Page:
Charleton J. went on to consider the effect of the European law and in particular the E-Commerce Directive and the Copyright Directive. He found that Article 15 of the E-Commerce Directive (prohibiting a general obligation to monitor) was irrelevant, holding that the use of deep packet inspection:
"is not the seeking of information which is in the course of transmission. Instead, it identifies the nature of transmissions, whether encrypted or otherwise, by reference to the ports which they use, and the protocol employed, so as to identify peer-to-peer communication. UPC does this already for legitimate commercial purposes related to the management of transmissions. If it suited, they could also easily identify the file # of copyright works and block them or divert the search in aid of theft to a legal site. This is not a general search for information."
He also held that UPC was a mere conduit for the purposes of the E-Commerce Directive, but that this, nevertheless, left open the possibility for a court to require an internet provider to terminate or prevent an infringement, and went on to hold that the Copyright Directive required Member States to introduce laws which would provide for these remedies. Consequently, as the Irish law did not provide for these remedies Charleton J. found that Ireland "is not yet fully in compliance with its obligations under European law".
Following this judgment, and in particular its finding that Irish law has failed to correctly implement the Copyright Directive, it is likely that the issue of filesharing will be high on the political agenda in Ireland. Representatives of the music industry have already called for legislative intervention, and have also threatened to sue the Irish state for losses caused by failure to tackle filesharing.
Against this, however, the judgment can be criticised on a number of fronts. Concern has been expressed about the figures relied on by the judge for the extent of piracy, which have been described as inflated. The confident description of deep packet inspection as not involving a "general duty to monitor" is also unusual in light of the preliminary reference to the European Court of Justice in SABAM v. Scarlet (Tiscali) in which this would seem to be a live issue. Similarly, the claim that no privacy issues are involved in three strikes and blocking systems seems to be undermined by the fact that the Data Protection Commissioner took no part in these proceedings so that an important viewpoint went unrepresented, and also fails to take account of developments elsewhere (such as Switzerland) where opposite conclusions have been reached.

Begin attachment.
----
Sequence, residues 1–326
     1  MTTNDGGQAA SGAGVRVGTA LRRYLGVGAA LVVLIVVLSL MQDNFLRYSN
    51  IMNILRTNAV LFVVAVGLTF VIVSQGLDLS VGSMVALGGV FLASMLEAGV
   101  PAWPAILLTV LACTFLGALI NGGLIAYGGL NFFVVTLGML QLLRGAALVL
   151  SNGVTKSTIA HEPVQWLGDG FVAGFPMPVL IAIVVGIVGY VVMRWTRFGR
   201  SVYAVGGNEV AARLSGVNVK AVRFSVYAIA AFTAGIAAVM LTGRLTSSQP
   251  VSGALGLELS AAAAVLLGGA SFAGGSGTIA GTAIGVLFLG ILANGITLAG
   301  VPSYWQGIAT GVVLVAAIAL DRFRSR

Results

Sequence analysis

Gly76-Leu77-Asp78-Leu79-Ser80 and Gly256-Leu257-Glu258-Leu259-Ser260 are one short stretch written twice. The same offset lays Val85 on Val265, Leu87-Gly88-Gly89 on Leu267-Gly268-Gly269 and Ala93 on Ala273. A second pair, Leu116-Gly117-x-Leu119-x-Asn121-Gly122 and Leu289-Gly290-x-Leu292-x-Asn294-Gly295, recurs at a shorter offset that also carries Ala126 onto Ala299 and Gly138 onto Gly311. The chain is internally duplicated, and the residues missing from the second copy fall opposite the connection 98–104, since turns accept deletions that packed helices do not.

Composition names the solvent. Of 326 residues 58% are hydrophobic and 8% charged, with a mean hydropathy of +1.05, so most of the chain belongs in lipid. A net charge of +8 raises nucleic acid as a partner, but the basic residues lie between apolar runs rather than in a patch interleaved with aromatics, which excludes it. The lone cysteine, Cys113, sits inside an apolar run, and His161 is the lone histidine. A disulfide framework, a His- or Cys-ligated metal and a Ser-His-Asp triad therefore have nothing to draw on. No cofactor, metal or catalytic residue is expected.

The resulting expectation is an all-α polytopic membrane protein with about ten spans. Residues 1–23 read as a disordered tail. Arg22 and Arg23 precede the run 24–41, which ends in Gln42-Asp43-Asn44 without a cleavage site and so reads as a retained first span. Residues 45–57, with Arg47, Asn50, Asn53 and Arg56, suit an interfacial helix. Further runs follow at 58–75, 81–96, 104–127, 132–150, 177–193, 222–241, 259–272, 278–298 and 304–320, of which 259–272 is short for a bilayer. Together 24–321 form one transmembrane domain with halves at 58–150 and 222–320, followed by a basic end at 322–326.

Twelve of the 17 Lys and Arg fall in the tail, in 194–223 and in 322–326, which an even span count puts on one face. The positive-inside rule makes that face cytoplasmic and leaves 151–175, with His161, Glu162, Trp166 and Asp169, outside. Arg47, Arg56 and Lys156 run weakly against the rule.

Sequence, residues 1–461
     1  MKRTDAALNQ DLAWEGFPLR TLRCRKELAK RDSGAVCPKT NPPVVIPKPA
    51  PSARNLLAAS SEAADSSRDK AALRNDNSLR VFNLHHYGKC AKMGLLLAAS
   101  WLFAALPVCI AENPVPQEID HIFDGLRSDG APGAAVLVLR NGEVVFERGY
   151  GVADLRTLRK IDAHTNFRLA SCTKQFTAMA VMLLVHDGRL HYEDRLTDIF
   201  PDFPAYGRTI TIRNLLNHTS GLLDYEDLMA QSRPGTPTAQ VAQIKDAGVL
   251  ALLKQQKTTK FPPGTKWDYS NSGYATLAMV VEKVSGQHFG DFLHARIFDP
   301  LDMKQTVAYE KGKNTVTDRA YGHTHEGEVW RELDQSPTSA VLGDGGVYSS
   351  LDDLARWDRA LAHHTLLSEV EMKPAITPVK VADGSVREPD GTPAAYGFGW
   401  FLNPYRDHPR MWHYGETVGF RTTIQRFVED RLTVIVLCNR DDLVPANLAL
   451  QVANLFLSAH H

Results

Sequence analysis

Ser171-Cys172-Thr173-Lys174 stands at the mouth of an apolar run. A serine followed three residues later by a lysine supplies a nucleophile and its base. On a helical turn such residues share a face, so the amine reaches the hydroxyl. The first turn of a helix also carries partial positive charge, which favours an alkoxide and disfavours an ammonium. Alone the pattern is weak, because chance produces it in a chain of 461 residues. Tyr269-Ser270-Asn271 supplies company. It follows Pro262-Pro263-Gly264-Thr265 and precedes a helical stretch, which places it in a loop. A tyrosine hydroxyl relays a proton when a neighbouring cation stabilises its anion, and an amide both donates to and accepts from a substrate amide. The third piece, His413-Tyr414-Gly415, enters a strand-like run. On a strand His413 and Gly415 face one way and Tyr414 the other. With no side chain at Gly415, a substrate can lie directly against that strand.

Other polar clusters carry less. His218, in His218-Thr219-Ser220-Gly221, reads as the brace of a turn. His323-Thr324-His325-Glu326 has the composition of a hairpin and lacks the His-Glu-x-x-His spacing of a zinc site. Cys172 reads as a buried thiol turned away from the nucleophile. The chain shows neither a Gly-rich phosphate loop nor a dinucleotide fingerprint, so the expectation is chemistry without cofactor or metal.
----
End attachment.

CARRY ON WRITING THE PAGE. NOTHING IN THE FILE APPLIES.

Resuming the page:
It is also unclear where this leaves the three strikes and blocking systems which Eircom has already introduced. To date there has been no indication from Eircom as to whether it intends to continue with these systems despite the ruling, and despite the competitive disadvantage which it would appear to impose on it.
EMI v. UPC (Unreported, High Court, 11.10.2010)
John Collins and Ronan McGreevy, "Music labels to rethink fight against
Ronan McGreevy, "U2 manager criticises UPC defence", Irish Times
Justin Mason, "Aslan's hard times, from the UPC judgment", taint.org
Rossa McMahon, "Strike 1?", A Clatter of the Law (13.10.2010)
(Contribution by TJ McIntyre - EDRi-member Digital Rights Ireland)